They will take bigger risks without fear. They are more impulsive and worry more about being happy in the now and impressing the people around them. All of this is the perfect storm for drinking with peers in college.

College Towns with the Highest Count of Alcohol Abuse

Commuter colleges have less rates of partying and drinking. These are colleges where many of the students live near their home and not in a campus setting. Colleges where students are far from home and have things like fraternities on campus will see much higher rates of drinking. Here are the colleges that have the highest frequency of alcohol abuse in the country. 

These young adults that go to college have likely had some drinking experiences as teens. When they graduate from high school and move on to college, they want to embrace their new freedom. All of a sudden, alcohol is available at football games and socials. It’s a temptation that most students won’t turn away from. It might start out with one drink but can quickly turn into more. With so many opportunities to drink on a constant basis, the body can build a tolerance to alcohol. It will start to take more drinks for someone to feel the effects. 

It becomes easier to drink more and this kind of heavy drinking can increased the odds of developing alcohol use disorder. This can lead to health problems as alcohol damages your organs over time. It can also lead to emotional problems as alcohol is a depressant. It may even bring on mood disorders that haven’t previously been prevalent. Some of the side effects might be temporary while others can stick with you.

Many college students will binge drink which is drinking a lot of alcohol in a short time frame. When men drink five or more drinks in two hours, this is considered binge drinking. For women, it would be four drinks in the same time fame. The highest period of likeliness for binge drinking in college would be the first six weeks of freshman year. It has a lot to do with peer pressure and not foreseeing the consequences of this behavior. Part of the college experience is alcohol use and many students look forward to this aspect of going away to school. It makes it easier to fit in with their peers. Once they make friends with other students that like to party, they have fallen into the lifestyle.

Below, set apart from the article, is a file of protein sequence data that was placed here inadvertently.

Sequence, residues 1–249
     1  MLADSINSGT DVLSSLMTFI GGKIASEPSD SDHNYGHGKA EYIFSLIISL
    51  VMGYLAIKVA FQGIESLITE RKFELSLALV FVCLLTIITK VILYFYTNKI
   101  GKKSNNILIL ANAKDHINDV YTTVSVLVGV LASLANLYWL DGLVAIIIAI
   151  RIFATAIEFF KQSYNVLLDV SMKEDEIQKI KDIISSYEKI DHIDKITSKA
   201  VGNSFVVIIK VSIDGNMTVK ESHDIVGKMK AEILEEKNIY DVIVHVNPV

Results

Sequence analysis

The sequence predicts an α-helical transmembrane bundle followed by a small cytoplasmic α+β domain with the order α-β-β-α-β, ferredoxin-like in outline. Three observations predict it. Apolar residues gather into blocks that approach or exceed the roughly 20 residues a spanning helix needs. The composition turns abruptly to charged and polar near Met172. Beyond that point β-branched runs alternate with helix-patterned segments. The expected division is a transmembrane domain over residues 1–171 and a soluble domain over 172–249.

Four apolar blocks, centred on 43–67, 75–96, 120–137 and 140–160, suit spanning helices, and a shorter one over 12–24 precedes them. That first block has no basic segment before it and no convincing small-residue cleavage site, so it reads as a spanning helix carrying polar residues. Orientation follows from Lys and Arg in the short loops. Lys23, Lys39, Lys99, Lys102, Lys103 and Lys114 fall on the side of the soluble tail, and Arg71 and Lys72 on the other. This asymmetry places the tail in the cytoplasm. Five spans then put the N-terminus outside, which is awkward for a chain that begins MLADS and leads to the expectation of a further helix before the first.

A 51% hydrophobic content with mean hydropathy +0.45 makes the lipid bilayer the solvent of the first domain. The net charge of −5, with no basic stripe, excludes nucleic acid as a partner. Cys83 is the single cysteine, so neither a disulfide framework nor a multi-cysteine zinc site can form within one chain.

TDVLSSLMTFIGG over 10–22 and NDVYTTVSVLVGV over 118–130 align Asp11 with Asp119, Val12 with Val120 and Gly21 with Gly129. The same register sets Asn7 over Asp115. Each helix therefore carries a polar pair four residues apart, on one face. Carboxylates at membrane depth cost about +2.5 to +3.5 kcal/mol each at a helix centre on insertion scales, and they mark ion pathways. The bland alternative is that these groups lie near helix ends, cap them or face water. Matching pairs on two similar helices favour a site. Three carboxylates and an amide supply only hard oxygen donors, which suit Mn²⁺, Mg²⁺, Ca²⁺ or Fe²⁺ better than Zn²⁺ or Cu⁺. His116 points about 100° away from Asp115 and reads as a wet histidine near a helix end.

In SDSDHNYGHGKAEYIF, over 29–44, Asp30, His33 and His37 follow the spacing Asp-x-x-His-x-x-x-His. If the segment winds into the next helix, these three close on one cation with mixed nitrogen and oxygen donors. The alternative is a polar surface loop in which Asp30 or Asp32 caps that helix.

College students used to stick with beer but today, there is more hard liquor involved. It’s much less about the social aspect of drinking and more about drinking to get drunk. Liquor is a faster way to get drunk. For some, their end goal is to drink to the point of blacking out. This is extremely dangerous as in incapacitates the student. They may suffer from alcohol poisoning, get into an accident, or someone can harm them and they can’t fight back.

A study came out that analyzed college students consuming alcohol and what psychosocial problems were related. The study found that 88.6% of students drank while 20.5% would consume alcohol to the point of self harm. There was 14.9% of the group studied that were considered at risk of developing dependence. It found that the harmful consumption of alcohol and the dependence factor damaged:

  • Their performance academically.
  • Their relationships.
  • Their psychological status.
  • Their sexual life.

As a result, they experienced:

  • Changes in relationships.